I have early memories of playing my parents’ NES. We had Super Mario Bros., Duck Hunt, and Dr. Mario. We may have had more games, but my memory is a little fuzzy there. Those were the first video games I ever played. But they weren’t mine, they belonged to Mom and Dad.
It wouldn’t be until Christmas a few years later that I would get my very own video game system, along with the first game that would ever be mine: a teal GameBoy Color with Pokémon Pinball. Like every other kid my age, I was sucked into Pokémon once the anime hit the States. I’m sure my parents hated it (I’ve recently gone back and watched an episode or two for nostalgia – they don’t hold up), but they let me indulge in my fandom all the same.
I must have seen ads for the game on TV. Between my love for Pokémon and fascination with pinball (a local restaurant had a machine my dad would play), I was sold. Who knows how many times I asked for it? Enough to convince Dad to tell me I’d be getting it for Christmas, apparently. This prompted my mom to ask him whether he knew what he has just promised me.
Dad’s limited knowledge of video games at the time meant he didn’t realize I would need a new gaming system as well as the game itself. Mom would explain all of this to him. I never thought about it until this moment, but this comes as a surprise to me as they owned an NES, which also worked in tandem with cartridges. That’s really neither here nor there, because the damage was done: I knew I was getting Pokémon Pinball.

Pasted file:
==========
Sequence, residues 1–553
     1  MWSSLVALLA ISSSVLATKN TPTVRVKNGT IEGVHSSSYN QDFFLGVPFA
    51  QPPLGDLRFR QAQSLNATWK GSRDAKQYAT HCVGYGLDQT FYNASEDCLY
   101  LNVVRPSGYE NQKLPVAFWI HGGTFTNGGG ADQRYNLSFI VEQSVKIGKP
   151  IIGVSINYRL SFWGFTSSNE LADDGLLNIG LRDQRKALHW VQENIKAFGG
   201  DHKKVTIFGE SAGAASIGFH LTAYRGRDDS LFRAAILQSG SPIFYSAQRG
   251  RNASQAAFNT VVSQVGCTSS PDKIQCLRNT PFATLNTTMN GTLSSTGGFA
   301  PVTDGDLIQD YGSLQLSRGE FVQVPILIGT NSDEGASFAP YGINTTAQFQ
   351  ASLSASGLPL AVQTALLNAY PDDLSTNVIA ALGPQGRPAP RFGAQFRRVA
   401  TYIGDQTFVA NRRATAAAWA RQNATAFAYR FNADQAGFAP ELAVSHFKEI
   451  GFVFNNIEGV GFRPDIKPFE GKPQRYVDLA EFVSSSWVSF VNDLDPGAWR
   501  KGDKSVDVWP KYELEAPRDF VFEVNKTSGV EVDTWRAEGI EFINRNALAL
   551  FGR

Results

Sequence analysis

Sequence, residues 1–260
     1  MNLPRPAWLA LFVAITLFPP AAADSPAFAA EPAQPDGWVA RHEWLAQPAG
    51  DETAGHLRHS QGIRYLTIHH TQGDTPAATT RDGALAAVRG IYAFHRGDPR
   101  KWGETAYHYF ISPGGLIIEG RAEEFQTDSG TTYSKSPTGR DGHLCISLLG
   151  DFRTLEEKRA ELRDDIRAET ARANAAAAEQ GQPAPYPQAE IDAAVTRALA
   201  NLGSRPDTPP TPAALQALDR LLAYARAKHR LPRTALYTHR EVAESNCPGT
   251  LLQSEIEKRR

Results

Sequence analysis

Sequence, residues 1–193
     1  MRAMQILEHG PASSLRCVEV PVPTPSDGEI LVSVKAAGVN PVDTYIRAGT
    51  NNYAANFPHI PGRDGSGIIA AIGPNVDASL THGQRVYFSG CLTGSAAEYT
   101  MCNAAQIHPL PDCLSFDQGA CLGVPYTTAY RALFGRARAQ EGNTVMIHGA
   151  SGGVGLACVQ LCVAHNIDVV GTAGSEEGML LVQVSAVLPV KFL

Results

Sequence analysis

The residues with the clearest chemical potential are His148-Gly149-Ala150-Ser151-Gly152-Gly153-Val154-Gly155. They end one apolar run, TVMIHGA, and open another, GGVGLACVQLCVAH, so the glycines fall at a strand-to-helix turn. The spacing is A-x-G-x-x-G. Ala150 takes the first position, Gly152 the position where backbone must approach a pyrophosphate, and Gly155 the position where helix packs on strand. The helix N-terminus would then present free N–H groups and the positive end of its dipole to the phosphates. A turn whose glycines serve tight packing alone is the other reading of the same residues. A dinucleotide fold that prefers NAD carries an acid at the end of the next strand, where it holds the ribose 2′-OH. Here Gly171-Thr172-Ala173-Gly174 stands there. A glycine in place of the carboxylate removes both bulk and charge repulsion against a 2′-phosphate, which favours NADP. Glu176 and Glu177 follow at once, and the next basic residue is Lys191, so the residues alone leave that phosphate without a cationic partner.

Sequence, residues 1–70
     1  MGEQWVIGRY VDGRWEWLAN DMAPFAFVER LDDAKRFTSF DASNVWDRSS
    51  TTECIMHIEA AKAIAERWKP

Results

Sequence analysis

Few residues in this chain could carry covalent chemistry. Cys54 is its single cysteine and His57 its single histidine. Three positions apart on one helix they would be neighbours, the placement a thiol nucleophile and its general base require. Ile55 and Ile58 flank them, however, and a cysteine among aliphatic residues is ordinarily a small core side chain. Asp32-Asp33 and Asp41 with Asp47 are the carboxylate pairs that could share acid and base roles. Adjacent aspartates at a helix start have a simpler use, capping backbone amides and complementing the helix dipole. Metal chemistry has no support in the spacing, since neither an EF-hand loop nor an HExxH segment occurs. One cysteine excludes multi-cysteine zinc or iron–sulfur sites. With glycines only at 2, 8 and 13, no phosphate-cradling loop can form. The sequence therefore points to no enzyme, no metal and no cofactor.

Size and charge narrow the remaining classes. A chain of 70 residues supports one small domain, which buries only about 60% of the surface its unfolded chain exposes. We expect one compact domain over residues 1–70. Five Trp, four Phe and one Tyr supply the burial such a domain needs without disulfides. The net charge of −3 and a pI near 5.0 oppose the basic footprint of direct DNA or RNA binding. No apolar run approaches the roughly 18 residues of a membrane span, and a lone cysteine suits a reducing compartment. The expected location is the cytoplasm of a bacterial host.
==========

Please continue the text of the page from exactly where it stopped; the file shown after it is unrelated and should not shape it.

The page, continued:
And Christmas morning, there it was. My GameBoy and what would be the game I’ve probably logged the most hours on. Pokémon Pinball is like any other pinball game, but with that classic Pokémon twist: catch every Pokémon (“Gotta Catch ’em All” is even on the title screen). There are mechanics on the table to encounter new monsters in order to catch them, travel to new towns to discover the different types, and train your Pokémon so that they may evolve. All the while, the in-game Pokédex fills up with information about the creatures as you collect them.
I still play this game. It’s hard to say whether it’s mostly nostalgia. The physics were weird, and the elements on the table could have been more fleshed out (it’s a fairly simple game of pinball). But I can tell you it’s not a bad pinball simulator, it’s pure fun, and it has something most others don’t: a goal (unrelated to high score) that continues on after you lose the last ball. If you care about filling out the Pokédex 100% of the way, you’ll play both tables, hit every town you can, and catch/evolve those “Pocket Monsters.” All the while, you never forget that – this time – you’re going to beat that high score.
Formed by two resident doctors in the Midwest, Doctors of Gaming was conceived in 2016 as an idea to promote physician wellness, act as a hub of connection using a laid back format of gaming, and as a community for like-minded people to team up and play their favorite games together.
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